Former astronaut Janet Kavandi named new director of NASA Glenn
Former astronaut Janet Kavandi has been named the new Director of the NASA Glenn Research Center in Cleveland, Ohio; her appointment was announced on Monday, March 14. Kavandi was currently serving as the center’s deputy director, a post she was named to in February of 2015.
Kavandi succeeds James Free, who was named deputy associate administrator for technical in the Human Exploration and Operations Mission Directorate in Washington. Free had served as NASA Glenn’s director since January of 2013. Both appointments were made effective today.
“Janet has demonstrated extraordinary leadership throughout her NASA career, from her spaceflights to her continued dedication to our mission at the Johnson Space Center and Glenn,” said NASA Administrator Charles Bolden, in announcing the appointments. “I know she will bring that same excellence to bear on Glenn’s critical role in our journey to Mars. I also thank Jim for his important service as the head of this important center and look forward to his contributions in human space exploration.”
Kavandi is a veteran of three spaceflights. Following her selection as an astronaut in December 1994, she served as mission specialist on STS-91 in 1998, STS-99 in 2000, and STS-104 in 2001. STS-91 was carried out on Shuttle Discovery and the final Space Shuttle mission to the Russian space station Mir. Meanwhile, STS-99 used Endeavour to carry out the Shuttle Radar Topography Mission and was the last flight of Endeavour before its duties became exclusively devoted to the ISS. Kavandi’s final flight to orbit, STS-104, was on board Atlantis and installed the Quest Joint Airlock on the ISS. Her three shuttle missions provided Kavandi with a total of 33 days in space.
“Charlie Bolden called me about three weeks ago and asked me to take this position,” Dr. Kavandi told SpaceFlight Insider. “Jim was offered a position at headquarters which is a really nice opportunity for him, to work in the HEOMD as a deputy there. Jim had told me all along he was training me to take over for him someday. I guess it came sooner than later.”
While at the astronaut office at Johnson Space Center, she supported space station payload integration, capsule communications, robotics, and served as deputy chief of the Astronaut Office. She later served as deputy director of the Health and Human Performance Directorate, with responsibility for the flight surgeons and human research investigations on the ISS. Kavandi also served as director of Flight Crew Operations, overseeing the Astronaut Corps and aircraft operations at Ellington Field near Johnson.
A native of Springfield, Missouri, Kavandi earned a bachelor’s degree in chemistry from Missouri Southern State College in Joplin, a Master’s in chemistry from the University of Missouri in Rolla, and a doctorate in analytical chemistry from the University of Washington in Seattle. She has received numerous leadership and exceptional service awards from NASA throughout her career.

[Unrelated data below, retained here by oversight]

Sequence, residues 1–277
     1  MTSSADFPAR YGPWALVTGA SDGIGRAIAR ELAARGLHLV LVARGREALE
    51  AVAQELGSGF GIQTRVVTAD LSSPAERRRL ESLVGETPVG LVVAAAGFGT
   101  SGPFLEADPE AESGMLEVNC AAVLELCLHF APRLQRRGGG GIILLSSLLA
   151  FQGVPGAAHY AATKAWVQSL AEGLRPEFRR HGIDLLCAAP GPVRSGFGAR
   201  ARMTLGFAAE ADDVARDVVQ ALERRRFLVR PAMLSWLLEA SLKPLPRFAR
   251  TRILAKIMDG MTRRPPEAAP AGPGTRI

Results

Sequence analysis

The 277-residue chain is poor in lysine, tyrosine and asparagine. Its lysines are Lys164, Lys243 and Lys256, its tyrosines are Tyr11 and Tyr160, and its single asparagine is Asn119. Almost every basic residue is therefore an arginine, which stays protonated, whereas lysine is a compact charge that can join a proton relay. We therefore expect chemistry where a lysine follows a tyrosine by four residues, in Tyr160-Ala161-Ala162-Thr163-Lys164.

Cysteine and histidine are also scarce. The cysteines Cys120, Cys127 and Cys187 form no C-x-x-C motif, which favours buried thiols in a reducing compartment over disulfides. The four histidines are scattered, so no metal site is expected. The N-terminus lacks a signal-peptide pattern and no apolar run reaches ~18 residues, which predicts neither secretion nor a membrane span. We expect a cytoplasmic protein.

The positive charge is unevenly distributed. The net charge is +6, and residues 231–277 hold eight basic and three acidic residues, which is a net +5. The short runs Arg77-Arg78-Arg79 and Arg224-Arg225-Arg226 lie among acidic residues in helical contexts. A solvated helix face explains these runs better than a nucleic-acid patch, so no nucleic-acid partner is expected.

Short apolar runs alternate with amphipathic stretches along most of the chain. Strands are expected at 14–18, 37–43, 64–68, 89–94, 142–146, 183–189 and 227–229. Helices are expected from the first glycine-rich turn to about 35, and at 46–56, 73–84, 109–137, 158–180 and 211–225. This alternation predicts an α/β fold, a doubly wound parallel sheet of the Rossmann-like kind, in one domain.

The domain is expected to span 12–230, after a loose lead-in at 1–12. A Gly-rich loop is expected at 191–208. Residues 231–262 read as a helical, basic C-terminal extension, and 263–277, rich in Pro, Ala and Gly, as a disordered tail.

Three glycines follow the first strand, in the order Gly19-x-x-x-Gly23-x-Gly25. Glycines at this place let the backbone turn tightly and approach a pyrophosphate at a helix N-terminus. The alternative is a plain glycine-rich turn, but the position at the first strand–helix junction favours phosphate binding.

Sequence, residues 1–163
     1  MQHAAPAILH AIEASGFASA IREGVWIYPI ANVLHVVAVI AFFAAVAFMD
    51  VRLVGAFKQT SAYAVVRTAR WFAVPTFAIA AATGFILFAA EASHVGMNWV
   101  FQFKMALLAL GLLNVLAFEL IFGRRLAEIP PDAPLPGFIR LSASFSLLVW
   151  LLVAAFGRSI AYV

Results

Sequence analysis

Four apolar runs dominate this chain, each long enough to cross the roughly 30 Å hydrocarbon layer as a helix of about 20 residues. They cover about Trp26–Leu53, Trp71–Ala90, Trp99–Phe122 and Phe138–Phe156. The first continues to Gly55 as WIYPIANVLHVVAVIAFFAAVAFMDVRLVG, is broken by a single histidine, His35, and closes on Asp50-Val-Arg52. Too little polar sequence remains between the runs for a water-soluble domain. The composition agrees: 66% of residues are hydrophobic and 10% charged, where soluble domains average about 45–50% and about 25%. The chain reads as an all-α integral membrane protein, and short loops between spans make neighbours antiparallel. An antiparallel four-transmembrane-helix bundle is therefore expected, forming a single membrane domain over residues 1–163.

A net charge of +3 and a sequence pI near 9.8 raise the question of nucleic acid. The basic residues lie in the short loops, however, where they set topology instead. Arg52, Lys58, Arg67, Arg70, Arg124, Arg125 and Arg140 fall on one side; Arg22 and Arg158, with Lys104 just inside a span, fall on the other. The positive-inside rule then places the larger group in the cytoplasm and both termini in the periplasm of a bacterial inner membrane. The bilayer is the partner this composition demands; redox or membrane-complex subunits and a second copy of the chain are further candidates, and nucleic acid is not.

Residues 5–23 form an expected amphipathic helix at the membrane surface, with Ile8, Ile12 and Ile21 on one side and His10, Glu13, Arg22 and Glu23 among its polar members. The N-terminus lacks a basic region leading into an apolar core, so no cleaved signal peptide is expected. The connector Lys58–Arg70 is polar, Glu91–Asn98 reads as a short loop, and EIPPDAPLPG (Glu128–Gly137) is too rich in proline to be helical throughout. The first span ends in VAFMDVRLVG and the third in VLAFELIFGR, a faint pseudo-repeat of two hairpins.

Kavandi takes over the leadership of a NASA center with more than 3,200 civil service and contract employees and an annual budget of more than $580 million.
Among NASA Glenn’s major research and development efforts are those tasked with creating higher powered solar electric propulsion, integrated radio and optical communication technologies, and the development of CubeSats. Also, NASA Glenn’s sister facility, the Plum Brook Station testing facility in Sandusky, Ohio, is responsible for the extensive campaign of launch stress and space environment testing on the space agency’s new Orion spacecraft.
NASA Glenn is involved in a staggering variety of research in both space and aeronautical technologies. SpaceFlight Insider asked Dr. Kavandi what she thinks are her biggest priorities ahead on the space side as the new leader of the center.
“Some of the most difficult work we’re doing is the testing for Orion out at Plum Brook,” she replied, referring to NASA Glenn’s sister facility, Plum Brook Station, in Sandusky, Ohio. “The agency is depending on us heavily to ensure that our equipment out there is working, and that that testing gets done on time. And we’re monitoring ESA and their subcontractors to ensure that those folks are going to deliver their product in good fashion, and that it’s working well and reliable, and that we’ll be able to integrate that into the Orion spacecraft. That’s one that I feel a lot of responsibility for, and pressure to make sure that we get that done in a timely manner and to the satisfaction of the program.”
The space veteran went on to highlight one effort in particular that could be critical in terms of deep space exploration efforts.
“Also, we are the leader for the agency in electric propulsion. We are heavily involved in anything related to that. Another is IROC (Integrated Radio and Optical Communication) the laser communication. That’s another major emphasis for the center,” Kavandi told SpaceFlight Insider. “And all sorts of other things. It’s a research center. It’s pretty exciting.”
Michael Cole is a life-long space flight enthusiast and author of some 36 educational books on space flight and astronomy for Enslow Publishers. He lives in Findlay, Ohio, not far from Neil Armstrong’s birthplace of Wapakoneta. His interest in space, and his background in journalism and public relations suit him for his focus on research and development activities at NASA Glenn Research Center, and its Plum Brook Station testing facility, both in northeastern Ohio. Cole reached out to SpaceFlight Insider and asked to join SFI as the first member of the organization’s “Team Glenn.”